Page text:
Wikipedia:Peer review/Hadji Ali/archive1

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Hadji Ali[edit]


* Further information

This peer review discussion has been closed.
The quirky and bizarre is fascinating, and a professional regurgitator is that. A lot of work has gone into this, especially given that the available sources are almost all newspaper articles, many covering the same details but adding a new fact here and there which needed to be woven together into a whole. I would like to take this to FAC and would appreciate a second set of eyes before doing so as to all aspects: a copyedit to the extent deemed necessary; organizational criticism; anything else you see. I am much obliged in advance.--Fuhghettaboutit (talk) 23:42, 26 November 2011 (UTC)

Comments from Jappalang

Lede and Infobox

  • The Infobox should not be titled "1913 Adolph Friedländer Company poster showing Hadji Ali performing water spouting". The Infobox's name is for the subject of this article (Hadji Ali), not a poster.
    • Done.
  • I am also not certain whether it is better to put in an abstract image (poster) as the lede picture when we have a photographic capture (the photo from the National Photo Company Collection).
    • I think it's a striking image of him that sets the stage for an article dominated by material about his performance (since there's little else that can be found).
      • It is your choice; I think you would have to be prepared for this argument if you are going for FAC though. Jappalang (talk) 03:02, 8 December 2011 (UTC)
  • I am not sure there needs to be so much bold-face titles. I think only the most common performance should be highlighted here (I presume these would be the ones for his US performances). In any case, the current six titles are not noted in the main text (and cited). So that exclusion fails WP:LEDE.
    • All alternate titles are now cited. We list and boldface alternate titles normally in the lead (though it's true that this subject has far more than your typical topic). I'm not sure what you mean by "performance" in this context--they're names he was known by.--Fuhghettaboutit (talk) 12:38, 8 December 2011 (UTC)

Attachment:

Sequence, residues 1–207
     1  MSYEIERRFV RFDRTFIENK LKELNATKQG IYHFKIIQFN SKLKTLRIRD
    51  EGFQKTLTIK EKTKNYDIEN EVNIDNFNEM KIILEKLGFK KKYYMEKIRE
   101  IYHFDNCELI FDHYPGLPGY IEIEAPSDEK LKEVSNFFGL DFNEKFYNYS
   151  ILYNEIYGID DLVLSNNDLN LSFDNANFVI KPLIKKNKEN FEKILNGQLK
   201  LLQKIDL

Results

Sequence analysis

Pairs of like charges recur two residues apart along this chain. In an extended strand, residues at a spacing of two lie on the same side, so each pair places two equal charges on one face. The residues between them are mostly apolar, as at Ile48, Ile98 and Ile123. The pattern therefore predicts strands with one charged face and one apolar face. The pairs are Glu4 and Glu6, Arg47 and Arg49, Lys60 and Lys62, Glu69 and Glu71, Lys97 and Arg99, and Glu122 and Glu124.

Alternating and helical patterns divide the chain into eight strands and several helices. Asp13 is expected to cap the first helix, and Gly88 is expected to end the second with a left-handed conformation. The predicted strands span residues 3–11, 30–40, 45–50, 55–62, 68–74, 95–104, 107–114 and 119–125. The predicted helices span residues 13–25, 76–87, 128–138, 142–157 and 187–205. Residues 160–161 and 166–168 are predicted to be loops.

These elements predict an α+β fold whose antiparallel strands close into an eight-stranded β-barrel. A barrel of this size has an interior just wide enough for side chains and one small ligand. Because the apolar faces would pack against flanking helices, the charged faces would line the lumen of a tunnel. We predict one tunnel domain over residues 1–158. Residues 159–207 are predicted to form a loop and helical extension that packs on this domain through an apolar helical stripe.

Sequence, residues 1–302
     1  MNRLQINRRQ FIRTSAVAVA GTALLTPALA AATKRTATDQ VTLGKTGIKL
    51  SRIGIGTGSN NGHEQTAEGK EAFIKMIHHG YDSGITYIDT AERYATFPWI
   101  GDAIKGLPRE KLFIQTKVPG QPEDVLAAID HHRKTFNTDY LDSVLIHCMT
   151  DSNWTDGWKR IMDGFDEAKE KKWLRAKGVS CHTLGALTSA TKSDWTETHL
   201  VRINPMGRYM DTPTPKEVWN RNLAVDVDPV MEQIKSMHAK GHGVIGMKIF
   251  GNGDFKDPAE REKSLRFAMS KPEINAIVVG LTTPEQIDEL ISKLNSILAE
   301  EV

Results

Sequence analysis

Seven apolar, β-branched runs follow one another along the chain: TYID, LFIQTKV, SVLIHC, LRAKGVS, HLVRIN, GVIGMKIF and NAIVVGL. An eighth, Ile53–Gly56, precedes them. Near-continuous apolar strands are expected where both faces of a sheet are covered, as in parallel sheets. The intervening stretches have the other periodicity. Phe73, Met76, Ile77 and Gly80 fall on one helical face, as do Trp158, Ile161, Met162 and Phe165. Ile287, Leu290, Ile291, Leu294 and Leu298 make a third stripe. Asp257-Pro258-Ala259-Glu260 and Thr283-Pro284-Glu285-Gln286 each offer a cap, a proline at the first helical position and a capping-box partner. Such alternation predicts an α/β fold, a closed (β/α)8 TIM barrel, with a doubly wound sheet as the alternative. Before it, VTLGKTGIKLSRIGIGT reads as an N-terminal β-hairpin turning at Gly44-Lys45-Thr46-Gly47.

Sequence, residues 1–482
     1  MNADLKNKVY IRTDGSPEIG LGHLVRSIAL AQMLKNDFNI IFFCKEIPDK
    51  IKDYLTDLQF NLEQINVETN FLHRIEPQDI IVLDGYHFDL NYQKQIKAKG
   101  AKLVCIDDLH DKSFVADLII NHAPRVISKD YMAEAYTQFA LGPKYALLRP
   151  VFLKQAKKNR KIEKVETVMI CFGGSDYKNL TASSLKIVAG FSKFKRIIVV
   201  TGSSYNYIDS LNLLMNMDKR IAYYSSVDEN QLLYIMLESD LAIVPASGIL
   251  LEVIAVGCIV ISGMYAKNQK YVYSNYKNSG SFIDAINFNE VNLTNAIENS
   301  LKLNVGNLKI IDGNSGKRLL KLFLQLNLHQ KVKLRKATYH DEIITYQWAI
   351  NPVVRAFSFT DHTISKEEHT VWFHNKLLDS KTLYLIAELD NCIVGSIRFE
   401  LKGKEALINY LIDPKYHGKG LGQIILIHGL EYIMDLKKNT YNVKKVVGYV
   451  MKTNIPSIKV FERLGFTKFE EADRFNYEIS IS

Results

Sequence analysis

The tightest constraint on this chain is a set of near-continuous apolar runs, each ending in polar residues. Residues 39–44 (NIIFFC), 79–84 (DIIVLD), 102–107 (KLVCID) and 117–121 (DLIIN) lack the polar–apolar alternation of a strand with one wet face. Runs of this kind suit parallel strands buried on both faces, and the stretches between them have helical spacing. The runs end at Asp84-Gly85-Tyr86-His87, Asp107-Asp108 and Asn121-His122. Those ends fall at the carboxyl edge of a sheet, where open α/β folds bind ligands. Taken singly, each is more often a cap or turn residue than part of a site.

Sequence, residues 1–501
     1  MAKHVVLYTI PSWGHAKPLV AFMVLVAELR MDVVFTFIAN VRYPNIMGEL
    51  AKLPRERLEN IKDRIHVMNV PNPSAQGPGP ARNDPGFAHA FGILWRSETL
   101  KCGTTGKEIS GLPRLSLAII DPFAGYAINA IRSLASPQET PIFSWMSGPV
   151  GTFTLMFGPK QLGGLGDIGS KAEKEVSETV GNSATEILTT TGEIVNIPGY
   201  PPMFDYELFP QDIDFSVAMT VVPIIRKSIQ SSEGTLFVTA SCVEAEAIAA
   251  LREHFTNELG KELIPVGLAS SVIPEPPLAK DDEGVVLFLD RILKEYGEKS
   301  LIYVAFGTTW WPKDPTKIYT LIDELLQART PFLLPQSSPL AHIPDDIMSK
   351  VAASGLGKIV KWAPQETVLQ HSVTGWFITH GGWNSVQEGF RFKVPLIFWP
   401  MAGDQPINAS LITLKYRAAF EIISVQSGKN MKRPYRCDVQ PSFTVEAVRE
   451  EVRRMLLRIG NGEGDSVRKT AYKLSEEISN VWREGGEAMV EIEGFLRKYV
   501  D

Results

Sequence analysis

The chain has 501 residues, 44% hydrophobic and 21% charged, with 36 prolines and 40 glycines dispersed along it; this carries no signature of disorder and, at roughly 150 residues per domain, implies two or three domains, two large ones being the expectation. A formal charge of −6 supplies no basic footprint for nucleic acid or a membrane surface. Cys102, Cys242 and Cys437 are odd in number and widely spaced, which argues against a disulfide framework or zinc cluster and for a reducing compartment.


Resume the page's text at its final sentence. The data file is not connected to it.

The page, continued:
• Sorry, I meant "most common performance name(s)". The gamut of constantly-changing names suggest to me that all these titles are just fluff (names coined by the promoters); they never stuck to the man, who is more likely to be known by everyone as Ali or Hadji Ali, the super "regurgitator (vomiter or whatever they think of his act)". Jappalang (talk) 01:55, 9 December 2011 (UTC)
        • The use of these names was not just by promoters. It was how he was billed and referred to everywhere. The titles appear in articles about him and in his own and other's posters and advertisements. There are hundreds of uses of these names (unfortunately, so little else is ever explored about his life).
          • My issue with this is that the promotion titles are not the names of the subject; they are not his stage names (which could be Hadji Ali as far as we can tell). Bold facing them violates the recommendations in MOS:BOLDTITLE and Wikipedia:Article titles. Those performance titles are not common names: Ali is not known by those promotion titles that change from place to place and year to year. They just appear on the billboards and posters to attract attention. Harry Houdini, David Copperfield, and Evel Knievel have been billed with many different titles that have been forgotten as time passed, and I would equally protest if someone were to put in bold faced titles in any of their ledes, cited or not. Jappalang (talk) 03:16, 14 December 2011 (UTC)
            • I've simply removed the boldface.
              • I think the italics are not needed either, but I find them less objectionable than the bold face. Jappalang (talk) 13:12, 20 December 2011 (UTC)